As the son of a military man, McCanlies grew up all around Texas. He attended elementary school in Lubbock, spent summers in Cisco with his grandparents, went to high school in Bryan, and took courses at the University of Texas at Austin. A would-be writer, he spent two years at U.T. before he realized that neither he nor his fellow students had much to write about beyond student life. Hungry for a bit of real-world experience, McCanlies moved to Dallas, looking for what he calls a “Hemingway-esque adventure.” He discovered that he could enroll in the police academy and apply the training credits toward a criminal justice degree, which he eventually earned from Abilene Christian College (now Abilene Christian University). In the mid-seventies he enrolled in the master’s film program at Southern Methodist University, and after graduating, in 1978, he moved to Los Angeles. McCanlies first worked on projects for Disney, then Columbia and Warner Bros. During this time he also met his wife, Suzanne, and in 1988 the couple decided to move back to Texas, where they lived on Lake Travis before finding the ranch.
Unlike the stereotypical Texans who have loped across movie screens over the years, McCanlies speaks rapidly and with a nondescript accent that betrays little of his roots. “I feel very much at home here,” he says, “and the sensibility here is my sensibility.”
“I love the fact that he has found a way to live in Texas,” says Chris Castallo, the director of creative affairs for Tollin/Robbins, the Los Angeles-based production company for which McCanlies is developing his first television pilot. Featuring a teenage Bruce Wayne, before the mask and cape, the script has Batman fans buzzing excitedly on the Internet. Castallo credits McCanlies’ “normal” life in Texas as a stabilizing force that allows him to seek out new creative challenges, but he also thinks the writer-director’s age and experience give him a competitive edge. “It’s not like he’s some kid who sold a couple of hot spec scripts to a big studio and now wants to write a TV show,” Castallo says. “There’s a certain level of maturity and sophistication to Tim.”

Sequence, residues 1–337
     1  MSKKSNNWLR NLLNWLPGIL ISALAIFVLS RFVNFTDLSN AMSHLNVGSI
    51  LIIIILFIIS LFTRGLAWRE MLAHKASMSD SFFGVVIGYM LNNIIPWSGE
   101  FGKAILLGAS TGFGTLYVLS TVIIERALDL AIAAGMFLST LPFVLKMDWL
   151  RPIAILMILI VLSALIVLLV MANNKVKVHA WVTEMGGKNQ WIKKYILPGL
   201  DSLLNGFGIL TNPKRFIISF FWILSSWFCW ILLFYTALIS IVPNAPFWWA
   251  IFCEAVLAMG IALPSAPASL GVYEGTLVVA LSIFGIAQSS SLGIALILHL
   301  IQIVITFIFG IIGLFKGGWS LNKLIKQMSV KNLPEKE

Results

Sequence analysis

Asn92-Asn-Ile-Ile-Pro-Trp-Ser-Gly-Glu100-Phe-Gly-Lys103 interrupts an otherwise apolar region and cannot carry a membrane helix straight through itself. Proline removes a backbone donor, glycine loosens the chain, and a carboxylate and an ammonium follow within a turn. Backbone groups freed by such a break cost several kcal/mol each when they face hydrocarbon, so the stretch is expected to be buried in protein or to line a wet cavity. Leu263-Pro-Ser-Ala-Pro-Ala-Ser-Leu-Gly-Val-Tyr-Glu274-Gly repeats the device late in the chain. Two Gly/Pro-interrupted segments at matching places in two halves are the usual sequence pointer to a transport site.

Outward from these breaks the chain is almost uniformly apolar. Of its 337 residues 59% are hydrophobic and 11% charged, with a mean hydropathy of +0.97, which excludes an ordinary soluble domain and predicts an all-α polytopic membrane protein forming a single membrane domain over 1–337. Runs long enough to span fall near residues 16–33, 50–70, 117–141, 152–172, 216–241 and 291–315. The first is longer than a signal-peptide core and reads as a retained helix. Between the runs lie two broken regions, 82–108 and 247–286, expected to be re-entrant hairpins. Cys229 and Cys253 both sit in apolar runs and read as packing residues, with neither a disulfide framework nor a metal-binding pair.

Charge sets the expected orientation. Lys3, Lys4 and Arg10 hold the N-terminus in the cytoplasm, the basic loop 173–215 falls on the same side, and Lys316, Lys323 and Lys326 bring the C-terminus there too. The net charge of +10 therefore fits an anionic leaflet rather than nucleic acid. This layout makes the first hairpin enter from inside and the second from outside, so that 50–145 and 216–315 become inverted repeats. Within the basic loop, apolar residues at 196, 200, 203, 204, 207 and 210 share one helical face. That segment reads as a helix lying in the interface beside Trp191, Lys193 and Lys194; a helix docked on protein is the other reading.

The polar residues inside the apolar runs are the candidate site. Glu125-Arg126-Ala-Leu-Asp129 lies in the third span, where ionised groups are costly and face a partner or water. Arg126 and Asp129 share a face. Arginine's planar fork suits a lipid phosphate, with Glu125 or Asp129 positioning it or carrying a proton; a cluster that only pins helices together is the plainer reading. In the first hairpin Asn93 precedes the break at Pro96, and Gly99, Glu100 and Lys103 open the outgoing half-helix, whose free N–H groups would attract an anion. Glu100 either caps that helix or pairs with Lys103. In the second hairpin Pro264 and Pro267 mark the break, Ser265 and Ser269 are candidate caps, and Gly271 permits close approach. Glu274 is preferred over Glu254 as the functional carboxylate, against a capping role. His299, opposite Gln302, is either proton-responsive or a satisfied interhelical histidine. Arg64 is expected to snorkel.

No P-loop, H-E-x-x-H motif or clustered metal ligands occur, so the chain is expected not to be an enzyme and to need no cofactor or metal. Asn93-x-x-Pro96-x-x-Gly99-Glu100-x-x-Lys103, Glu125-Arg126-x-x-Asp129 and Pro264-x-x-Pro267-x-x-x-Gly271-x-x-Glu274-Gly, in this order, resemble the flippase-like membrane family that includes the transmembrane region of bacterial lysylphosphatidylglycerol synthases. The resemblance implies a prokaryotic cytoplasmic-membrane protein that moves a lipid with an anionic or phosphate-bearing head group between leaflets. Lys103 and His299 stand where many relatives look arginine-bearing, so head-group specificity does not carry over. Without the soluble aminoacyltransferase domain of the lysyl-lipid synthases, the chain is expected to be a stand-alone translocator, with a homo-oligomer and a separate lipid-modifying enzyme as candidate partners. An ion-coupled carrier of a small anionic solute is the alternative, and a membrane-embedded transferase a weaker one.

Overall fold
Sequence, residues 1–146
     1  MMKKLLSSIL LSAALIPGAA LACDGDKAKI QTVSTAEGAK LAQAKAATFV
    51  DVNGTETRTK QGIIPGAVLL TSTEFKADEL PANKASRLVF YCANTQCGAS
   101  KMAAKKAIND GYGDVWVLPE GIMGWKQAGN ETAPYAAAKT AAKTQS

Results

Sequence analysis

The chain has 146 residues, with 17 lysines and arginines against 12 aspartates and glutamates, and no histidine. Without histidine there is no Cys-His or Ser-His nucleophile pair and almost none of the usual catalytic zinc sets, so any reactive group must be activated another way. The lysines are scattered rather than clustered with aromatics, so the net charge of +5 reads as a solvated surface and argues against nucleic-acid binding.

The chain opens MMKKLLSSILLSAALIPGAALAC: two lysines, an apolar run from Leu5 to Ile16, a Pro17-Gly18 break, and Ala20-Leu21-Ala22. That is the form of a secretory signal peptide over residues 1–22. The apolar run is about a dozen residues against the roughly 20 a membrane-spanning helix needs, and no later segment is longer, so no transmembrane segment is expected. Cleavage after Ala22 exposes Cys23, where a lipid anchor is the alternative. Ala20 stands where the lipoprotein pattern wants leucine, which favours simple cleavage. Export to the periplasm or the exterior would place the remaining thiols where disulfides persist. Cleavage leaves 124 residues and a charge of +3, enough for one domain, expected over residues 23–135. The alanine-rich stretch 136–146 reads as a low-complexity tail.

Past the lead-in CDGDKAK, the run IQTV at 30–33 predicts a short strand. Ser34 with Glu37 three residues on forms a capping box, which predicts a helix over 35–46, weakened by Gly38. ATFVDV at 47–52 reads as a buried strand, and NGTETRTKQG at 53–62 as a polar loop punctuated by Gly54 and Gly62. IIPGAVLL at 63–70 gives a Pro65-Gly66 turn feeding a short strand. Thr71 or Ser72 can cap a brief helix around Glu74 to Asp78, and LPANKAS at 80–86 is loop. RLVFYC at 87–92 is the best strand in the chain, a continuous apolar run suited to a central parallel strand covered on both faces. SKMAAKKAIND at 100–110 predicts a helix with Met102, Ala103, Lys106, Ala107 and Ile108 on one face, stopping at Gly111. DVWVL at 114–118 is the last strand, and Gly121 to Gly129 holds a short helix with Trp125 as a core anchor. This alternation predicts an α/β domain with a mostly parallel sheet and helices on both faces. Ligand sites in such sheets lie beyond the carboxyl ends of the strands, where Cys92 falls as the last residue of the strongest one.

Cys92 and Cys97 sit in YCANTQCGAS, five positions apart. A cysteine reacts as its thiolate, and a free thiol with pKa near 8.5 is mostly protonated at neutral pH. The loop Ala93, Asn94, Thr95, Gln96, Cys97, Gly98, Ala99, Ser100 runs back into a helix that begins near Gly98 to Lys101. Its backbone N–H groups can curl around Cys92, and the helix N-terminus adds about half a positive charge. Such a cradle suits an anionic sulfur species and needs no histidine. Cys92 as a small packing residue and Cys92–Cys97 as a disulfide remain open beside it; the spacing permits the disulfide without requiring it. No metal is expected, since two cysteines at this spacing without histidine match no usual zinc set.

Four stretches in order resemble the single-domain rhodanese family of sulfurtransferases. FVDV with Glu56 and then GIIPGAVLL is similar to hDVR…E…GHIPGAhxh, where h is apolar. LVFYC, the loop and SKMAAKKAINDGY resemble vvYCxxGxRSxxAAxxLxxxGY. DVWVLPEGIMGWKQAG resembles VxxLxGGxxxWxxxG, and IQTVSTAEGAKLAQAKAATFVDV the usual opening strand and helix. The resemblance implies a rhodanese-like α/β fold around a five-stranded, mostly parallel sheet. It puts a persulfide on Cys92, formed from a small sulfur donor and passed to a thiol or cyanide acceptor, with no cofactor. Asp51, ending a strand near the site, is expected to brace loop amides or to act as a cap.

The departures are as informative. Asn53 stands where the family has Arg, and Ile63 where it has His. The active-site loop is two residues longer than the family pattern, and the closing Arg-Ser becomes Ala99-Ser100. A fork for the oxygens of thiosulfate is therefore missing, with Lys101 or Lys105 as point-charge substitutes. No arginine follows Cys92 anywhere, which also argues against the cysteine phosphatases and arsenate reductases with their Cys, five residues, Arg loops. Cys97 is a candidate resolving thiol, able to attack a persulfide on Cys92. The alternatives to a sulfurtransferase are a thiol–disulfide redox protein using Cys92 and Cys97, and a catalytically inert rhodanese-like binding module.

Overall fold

Scott Bernstein agrees. He is the senior vice president of production and development for Ignite Entertainment, the company that produced Dancer, and the two men currently are in talks about McCanlies’ directing two of his own scripts. “You rarely see writers who stay in a career for two decades,” says Bernstein. “In the past five years Tim has created a stronghold for himself.”
Of the many scripts McCanlies wrote in the mid-eighties, “Thai Pirates” and “Louisiana Run” were particularly significant. Neither was made into a movie, but the fast-paced stories earned him an agent and a reputation in the industry as an “action guy.” McCanlies eventually grew tired of the label, so he wrote Dancer, which he shot three summers ago in Fort Davis. He was already in production on The Iron Giant, and on Sundays, when he wasn’t directing Dancer, he would make changes to the Iron Giant script.